Funerals generally are an occasion for sadness, even when we recognize that with death there may come freedom from pain and suffering. The sadness usually is an expression of our loss, not having the friend or relative to be around and interact with any longer. Sometimes the death comes suddenly rendering us unprepared to accept the reality of it. At others, death comes slowly after months or even years of realizing the eventual outcome. Perhaps no funeral is any more difficult than the one we attended Friday where parents buried one of their children.

Their son was 33 years old, but the image in my mind as I sat in church was the freckle-faced kid with his shock of blond hair that seemed to be always sticking up. He was three years younger than his sister, and our daughter, and I could see him following behind and trying to keep up with the two girls. They included him in their activities when the families got together, but he always seemed to be somewhat a fringe player. He was participating but then again he did not seem to be really. Perhaps, it was the differences in age or maturity between him and the two girls. Perhaps, it was his shyness, but as the children grew into teens my impression did not seem to change. The shyness seemed to change to aloofness. I found it difficult to engage him in conversation. He always seemed to be more interested in the games he was playing on television than what was going on in the room.

As the children grew and family and business activities became more complex, the 500-plus mile trips for the families to get together became less frequent. However, we stayed in contact and provided updates on the kids as they went through school and started their careers and their own families. I interpreted from my friendís communications over the years his pride in his daughterís accomplishments and frustration in his sonís ability to find himself. He did not seem to connect in school with what may be considered the mainstream. He was not involved in athletics, band or theater. He and his friends were a part of the ďotherĒ group. Every generation of high school students seems to have them, the names and descriptions change but they make up a part of every school population.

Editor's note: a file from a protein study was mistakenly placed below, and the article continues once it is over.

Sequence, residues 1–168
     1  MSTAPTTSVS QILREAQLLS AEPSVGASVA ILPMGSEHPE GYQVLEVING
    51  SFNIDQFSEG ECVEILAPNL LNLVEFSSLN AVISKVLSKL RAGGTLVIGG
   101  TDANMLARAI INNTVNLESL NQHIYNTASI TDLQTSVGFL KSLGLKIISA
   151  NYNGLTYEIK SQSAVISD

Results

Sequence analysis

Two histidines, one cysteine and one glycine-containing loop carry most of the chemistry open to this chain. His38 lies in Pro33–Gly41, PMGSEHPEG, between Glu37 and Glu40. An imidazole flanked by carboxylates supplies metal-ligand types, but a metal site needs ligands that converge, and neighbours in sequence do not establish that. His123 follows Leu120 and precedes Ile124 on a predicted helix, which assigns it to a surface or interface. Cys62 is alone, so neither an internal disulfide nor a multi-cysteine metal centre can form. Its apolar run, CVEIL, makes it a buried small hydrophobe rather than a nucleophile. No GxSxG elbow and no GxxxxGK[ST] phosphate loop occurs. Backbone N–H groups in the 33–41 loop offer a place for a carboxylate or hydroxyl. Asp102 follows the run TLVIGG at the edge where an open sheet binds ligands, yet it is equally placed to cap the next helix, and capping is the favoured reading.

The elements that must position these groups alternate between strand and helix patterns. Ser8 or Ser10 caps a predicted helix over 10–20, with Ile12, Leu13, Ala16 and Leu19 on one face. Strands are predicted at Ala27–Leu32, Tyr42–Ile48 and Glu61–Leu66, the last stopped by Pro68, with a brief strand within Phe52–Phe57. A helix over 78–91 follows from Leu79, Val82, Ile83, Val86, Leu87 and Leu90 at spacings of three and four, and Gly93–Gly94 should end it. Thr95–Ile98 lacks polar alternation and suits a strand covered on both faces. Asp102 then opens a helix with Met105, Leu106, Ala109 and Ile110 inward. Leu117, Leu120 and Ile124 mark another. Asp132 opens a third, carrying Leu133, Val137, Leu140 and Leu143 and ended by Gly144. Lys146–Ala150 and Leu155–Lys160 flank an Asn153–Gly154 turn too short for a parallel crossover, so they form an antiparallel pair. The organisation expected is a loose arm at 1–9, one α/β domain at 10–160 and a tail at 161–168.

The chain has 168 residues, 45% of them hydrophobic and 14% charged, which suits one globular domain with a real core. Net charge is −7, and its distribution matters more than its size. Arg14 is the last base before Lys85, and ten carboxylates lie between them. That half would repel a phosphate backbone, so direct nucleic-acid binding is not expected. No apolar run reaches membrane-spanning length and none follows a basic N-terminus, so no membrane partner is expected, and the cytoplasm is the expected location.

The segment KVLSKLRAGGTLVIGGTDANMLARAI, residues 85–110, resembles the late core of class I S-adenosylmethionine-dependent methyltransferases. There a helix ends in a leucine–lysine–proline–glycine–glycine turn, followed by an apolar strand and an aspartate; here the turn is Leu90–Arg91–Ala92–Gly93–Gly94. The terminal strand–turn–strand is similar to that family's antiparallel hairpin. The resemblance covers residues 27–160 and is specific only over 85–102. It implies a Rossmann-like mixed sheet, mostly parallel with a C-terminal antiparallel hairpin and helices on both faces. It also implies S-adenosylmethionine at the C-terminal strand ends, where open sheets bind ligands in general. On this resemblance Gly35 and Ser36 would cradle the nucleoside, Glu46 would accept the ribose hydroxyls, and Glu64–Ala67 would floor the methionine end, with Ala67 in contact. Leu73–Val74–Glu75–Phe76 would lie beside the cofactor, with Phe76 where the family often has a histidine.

In an enterprise story on crime in Brown County published in the Bulletin several weeks ago, local law enforcement officials said there is a recurring pattern of criminal behavior among some residents. Judges in the county recognize defendants coming before them from previous trips to court.

To interpret this to mean there is a criminal element living in the area may be too strong, but there is evidence to support the view that a portion of the population impact crime statistics disproportionately to their percentage of the population. The other side of this behavior pattern is the individuals involved tend to get considerably more attention from law enforcement officials.

I heard from my friend that his son had bouts with alcohol and some drug use during the period he was in high school. His dad got him an after school job at the newspaper. I think it was as much to help his son distance himself from just hanging out with friends as it was to provide him with spending money. However, the newspapers sold to another company and with the changes in management they both lost their jobs. There seemed to be a sense in talking with him after that his son found it difficult to escape the stigma of his earlier behavior. He grew increasingly bitter towards law enforcement officials and the community at large.

The funeral service at Sacred Heart Catholic Church was very well done and a large contingent of young people attended both the church and graveside services. He died of natural causes brought on by acute pancreatic inflammation, most likely caused by his lifestyle. We pained deeply for our friendsí grief, I know they were asking if there was something they could have done to alter their sonís path in life and his death that took so much unrealized potential.

Robert Brincefield is publisher of the Brownwood Bulletin. His column appears on Sunday. He may be reached by e-mail at